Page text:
Part of our training was as “externs”…senior students..was a stint at “20th street hospital”.  I can only identify it as being in a very depressed part of Philly and we never went there alone.  We had a large dorm/meeting area where we spent some down time playing ping-pong and making rounds and seeing patients.  One of my class members was the Pennsylvania state ping-pong champ.  I got to see some really impressive ping-pong and I got a Lot better at it myself.  It was a 20th street that I first saw maggots living in a patients wound.

I was being part time orderly at Clarion Osteopathic hospital one day when a pregnant lady came in, in very active labor.  I helped the nurse get her into bed and then the nurse told me to watch her and she walked out of the room.  I said, but what if the baby comes…she said. “Well catch it”…”She’s done this 5 times before, she can probably do it herself”…and she walked away.  About a minute later I was standing there with a live baby in my hands.

I can remember Doc McNeal standing at the bottom end of a lady up in stirrups after having delivered a baby and he would have a hold of the clamp on the now cut off umbilical cord and turning it around in a circle.  He said, “You know what I’m doing”?  I said No…he said, “Unscrewing it, that’s how it got in there in the first place”.  I don’t remember the final number of babies he delivered in his career but it was way up there in the thousands.  The one I recall only from stories is that of the daughter of my now step-mother AnnaMae.  Her daughter Donna was delivered by McNeal and the uterus turned inside out.  McNeal wasn’t able to manage it and she died.  The baby lived but AnnaMae never liked McNeal after that and it is only logical.  He really should have known what to do.  I too, had a bad experience with a delivery.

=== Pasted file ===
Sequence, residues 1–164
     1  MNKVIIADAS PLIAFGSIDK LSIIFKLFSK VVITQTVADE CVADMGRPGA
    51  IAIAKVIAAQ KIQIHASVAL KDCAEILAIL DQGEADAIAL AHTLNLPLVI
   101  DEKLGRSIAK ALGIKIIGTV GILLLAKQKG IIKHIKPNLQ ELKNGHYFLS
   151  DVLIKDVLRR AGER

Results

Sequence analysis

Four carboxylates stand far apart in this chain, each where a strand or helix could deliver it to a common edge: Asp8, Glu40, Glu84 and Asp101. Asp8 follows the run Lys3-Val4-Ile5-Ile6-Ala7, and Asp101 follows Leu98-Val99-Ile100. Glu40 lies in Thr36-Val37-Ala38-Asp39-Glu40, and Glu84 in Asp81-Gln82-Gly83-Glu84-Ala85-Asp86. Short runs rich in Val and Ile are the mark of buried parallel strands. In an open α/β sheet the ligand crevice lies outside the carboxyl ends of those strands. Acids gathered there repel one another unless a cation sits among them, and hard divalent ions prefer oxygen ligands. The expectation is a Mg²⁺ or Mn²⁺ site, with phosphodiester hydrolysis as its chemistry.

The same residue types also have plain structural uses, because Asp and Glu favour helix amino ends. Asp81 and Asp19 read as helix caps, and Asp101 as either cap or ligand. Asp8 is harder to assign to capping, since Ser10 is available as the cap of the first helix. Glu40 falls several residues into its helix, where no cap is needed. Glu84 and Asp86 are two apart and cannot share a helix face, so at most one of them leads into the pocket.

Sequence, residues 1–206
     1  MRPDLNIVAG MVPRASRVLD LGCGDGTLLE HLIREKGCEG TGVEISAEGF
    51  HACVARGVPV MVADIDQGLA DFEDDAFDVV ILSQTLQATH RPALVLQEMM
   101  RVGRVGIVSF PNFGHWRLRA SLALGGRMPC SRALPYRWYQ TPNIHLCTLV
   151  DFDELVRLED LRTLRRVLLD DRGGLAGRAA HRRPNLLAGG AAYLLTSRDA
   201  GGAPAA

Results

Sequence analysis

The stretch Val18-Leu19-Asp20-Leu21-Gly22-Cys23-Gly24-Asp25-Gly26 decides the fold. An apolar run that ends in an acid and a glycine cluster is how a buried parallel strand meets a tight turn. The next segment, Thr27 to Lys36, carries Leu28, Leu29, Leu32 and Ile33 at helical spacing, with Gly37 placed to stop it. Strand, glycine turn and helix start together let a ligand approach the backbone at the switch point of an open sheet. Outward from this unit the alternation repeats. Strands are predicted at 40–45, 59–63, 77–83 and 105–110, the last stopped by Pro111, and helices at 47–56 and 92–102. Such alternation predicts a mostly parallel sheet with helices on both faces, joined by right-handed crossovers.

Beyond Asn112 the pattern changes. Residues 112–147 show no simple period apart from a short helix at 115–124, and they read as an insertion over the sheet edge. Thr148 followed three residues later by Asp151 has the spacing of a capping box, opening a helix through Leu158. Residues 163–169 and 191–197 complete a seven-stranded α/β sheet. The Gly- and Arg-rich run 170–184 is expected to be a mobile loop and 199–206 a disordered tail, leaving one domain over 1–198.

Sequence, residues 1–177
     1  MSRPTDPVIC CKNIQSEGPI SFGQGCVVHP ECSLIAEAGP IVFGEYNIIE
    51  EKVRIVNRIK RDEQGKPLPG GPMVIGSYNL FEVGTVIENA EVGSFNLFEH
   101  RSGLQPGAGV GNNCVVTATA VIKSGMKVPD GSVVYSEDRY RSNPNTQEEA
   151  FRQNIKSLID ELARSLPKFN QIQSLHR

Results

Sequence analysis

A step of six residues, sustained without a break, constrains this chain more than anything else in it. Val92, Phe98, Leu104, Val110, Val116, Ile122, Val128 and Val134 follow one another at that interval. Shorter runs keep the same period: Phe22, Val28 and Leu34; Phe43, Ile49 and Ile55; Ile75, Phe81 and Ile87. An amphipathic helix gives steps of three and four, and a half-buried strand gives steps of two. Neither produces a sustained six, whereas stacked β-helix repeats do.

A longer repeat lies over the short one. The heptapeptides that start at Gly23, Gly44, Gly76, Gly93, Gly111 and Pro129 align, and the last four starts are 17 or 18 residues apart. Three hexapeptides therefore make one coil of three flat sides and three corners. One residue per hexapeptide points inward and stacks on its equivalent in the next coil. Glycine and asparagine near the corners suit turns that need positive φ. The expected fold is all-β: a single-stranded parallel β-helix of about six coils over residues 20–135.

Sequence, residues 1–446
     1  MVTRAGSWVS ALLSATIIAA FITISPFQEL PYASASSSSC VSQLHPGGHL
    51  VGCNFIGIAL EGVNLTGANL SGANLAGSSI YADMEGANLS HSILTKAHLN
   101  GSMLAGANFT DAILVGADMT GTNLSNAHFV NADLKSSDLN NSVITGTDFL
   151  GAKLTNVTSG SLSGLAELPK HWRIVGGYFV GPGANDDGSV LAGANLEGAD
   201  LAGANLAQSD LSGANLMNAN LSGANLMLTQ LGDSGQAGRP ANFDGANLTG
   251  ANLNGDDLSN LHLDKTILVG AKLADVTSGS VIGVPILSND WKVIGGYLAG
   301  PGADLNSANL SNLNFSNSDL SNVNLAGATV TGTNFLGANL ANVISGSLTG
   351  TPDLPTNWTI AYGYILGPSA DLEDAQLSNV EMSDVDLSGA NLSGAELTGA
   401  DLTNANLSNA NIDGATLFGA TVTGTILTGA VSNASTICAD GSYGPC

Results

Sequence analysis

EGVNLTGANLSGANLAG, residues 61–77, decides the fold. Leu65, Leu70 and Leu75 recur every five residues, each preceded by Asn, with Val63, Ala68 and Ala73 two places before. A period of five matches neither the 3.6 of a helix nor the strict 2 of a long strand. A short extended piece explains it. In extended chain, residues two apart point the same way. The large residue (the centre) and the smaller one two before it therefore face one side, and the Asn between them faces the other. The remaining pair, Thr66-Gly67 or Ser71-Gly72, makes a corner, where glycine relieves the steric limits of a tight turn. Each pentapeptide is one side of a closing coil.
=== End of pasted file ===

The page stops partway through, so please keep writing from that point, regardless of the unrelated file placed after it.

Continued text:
Bill Mowry was an ex-Vietnam fighter pilot who started a flight school and taught a small number of us to fly.  I am sorrowfully unable to remember the name of the couple but I first met the husband after he got trapped by a car that fell off a jack while he was alone in his garage.  He finally began throwing things thru the windows and after a while someone passing by noticed it and stopped.  I vaguely remember a fractured foot or hand.  Then when the flight school started he and his wife took flying lessons.  Shortly she became pregnant and came to me to deliver the baby.  It turned out she was pregnant with twins.  It was her first pregnancy and this was back in 1968.  Came the night when she went into labor.  All was well and I finally get a call to come in to the hospital to deliver her.  As soon as I pulled out the first baby…it was stillborn and I had trouble maneuvering the second one and called Doc Ketner who lived next door to the hospital to come help me out.  It too was stillborn and tho I worked hard on resuscitation I could not bring those beautiful identical girls to life.  I lost it.  I had to go home and cry.  I left Doc Ketner with the mom and I just plain lost it.  Years later I feel I can attribute some real abnormal behavior on my part to this unforeseen happening.  I was broken.  My spirit was dead.  I found Donna Caldwell who soothed my being, though improperly.  To this day, I hurt because of this.  We did not have the high tech equipment that is available now and naturally it would have helped.  I died a big death that night.

This entry was posted in Uncategorized. Bookmark the permalink.

1 Response to On becoming a physician.

Leave a Reply

Your email address will not be published. Required fields are marked *